Using tools has been the basis of civilization itself. This relationship has traditionally been understood and respected by all, even those whose work does not require the use of tools.
It is understood that a man's tools are not to be touched without his permission. That permission may or may not be granted but it is never implied and should never be assumed.
Even in this era of computerized manufacturing, makers still have occasion to need a sharp chisel or plane or hand saw. It is still important to know how to use these tools and just as important to know how to get them sharp. There was a time, not so long ago, when every man knew how to put a razor edge on a piece of steel.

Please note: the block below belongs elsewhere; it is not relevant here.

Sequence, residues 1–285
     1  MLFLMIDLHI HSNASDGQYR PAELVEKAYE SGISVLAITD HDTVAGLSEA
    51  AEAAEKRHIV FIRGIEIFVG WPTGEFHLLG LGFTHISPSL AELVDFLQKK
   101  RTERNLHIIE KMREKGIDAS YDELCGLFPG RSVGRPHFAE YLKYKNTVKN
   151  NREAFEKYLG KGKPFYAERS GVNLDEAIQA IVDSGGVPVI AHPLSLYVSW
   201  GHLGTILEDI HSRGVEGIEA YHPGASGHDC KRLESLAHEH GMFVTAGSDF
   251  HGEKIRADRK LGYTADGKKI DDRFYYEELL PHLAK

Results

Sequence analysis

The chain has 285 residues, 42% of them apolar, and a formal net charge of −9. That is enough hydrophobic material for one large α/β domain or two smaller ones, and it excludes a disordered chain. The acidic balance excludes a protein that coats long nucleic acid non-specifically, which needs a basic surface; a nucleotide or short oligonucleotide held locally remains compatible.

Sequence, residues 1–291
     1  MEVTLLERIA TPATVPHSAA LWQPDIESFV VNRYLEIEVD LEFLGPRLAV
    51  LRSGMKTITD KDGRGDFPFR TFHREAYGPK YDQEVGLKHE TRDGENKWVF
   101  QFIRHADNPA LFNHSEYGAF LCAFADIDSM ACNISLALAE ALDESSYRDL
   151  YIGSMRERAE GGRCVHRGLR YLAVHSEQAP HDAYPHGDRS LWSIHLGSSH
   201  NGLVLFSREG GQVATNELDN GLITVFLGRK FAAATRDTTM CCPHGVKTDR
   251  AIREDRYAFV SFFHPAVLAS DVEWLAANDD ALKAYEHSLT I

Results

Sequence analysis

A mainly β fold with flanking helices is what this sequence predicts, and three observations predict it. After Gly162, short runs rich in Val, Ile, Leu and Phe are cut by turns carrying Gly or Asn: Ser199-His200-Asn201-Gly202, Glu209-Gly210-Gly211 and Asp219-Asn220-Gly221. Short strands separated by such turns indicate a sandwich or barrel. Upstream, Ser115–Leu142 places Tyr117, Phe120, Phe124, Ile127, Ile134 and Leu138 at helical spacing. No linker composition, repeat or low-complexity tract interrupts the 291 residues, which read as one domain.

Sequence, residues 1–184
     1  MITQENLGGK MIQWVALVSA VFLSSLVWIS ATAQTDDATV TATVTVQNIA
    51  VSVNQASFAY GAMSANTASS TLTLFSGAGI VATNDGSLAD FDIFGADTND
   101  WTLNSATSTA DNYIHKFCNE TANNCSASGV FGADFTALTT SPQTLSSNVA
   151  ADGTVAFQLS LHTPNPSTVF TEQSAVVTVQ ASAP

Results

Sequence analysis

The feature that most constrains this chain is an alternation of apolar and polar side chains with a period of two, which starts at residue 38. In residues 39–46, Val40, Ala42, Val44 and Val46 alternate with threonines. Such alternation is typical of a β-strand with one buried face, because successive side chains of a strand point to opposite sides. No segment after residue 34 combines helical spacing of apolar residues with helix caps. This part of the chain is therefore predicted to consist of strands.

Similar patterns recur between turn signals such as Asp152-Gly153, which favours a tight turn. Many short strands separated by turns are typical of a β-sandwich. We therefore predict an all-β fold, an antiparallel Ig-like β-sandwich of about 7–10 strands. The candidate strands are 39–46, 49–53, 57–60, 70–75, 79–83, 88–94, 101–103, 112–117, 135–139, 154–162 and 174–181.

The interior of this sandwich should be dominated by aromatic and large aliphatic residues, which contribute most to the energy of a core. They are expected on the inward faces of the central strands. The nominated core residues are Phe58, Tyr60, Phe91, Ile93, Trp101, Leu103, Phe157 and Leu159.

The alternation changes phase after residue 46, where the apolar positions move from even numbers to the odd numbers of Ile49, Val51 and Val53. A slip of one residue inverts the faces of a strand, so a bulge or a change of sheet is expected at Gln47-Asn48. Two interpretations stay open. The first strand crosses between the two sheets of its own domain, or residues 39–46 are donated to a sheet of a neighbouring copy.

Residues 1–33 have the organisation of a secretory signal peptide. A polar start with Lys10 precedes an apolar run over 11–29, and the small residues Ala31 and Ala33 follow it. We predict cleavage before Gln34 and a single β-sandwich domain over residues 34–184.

I remember one job in which I had to educate a fairly large crew of woodworkers on the fine art of putting that razor edge on a chisel or plane blade. But there was one guy who just did not get it. He would buy a chisel and use it straight out of the box until it became so blunt that it would no longer cut. Then he would go grab another guy's chisel or plane that had just been sharpened. Invariably, it would come back (if it came back at all) blunted and maybe even chipped from having been used to cut through a nail. Needless to say, he was not respected and eventually dismissed.
You don't spit into the wind and you don't grab another guy's tools!